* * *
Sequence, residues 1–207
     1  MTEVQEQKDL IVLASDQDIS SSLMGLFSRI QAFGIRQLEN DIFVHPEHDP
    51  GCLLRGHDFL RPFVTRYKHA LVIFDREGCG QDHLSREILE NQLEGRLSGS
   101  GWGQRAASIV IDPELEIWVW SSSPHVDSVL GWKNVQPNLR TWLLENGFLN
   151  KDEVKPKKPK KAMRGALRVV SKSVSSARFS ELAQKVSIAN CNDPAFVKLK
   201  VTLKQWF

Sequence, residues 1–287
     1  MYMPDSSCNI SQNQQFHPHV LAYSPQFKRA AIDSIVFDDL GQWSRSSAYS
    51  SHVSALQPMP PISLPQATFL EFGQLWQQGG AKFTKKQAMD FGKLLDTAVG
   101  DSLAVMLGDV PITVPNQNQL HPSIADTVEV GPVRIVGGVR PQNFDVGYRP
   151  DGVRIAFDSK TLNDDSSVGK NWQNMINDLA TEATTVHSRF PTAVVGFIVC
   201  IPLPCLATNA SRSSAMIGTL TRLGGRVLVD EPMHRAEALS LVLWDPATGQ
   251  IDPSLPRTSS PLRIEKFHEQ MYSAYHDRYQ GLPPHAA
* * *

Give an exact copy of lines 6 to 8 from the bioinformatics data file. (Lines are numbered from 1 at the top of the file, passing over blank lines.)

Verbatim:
   201  VTLKQWF

Sequence, residues 1–287
     1  MYMPDSSCNI SQNQQFHPHV LAYSPQFKRA AIDSIVFDDL GQWSRSSAYS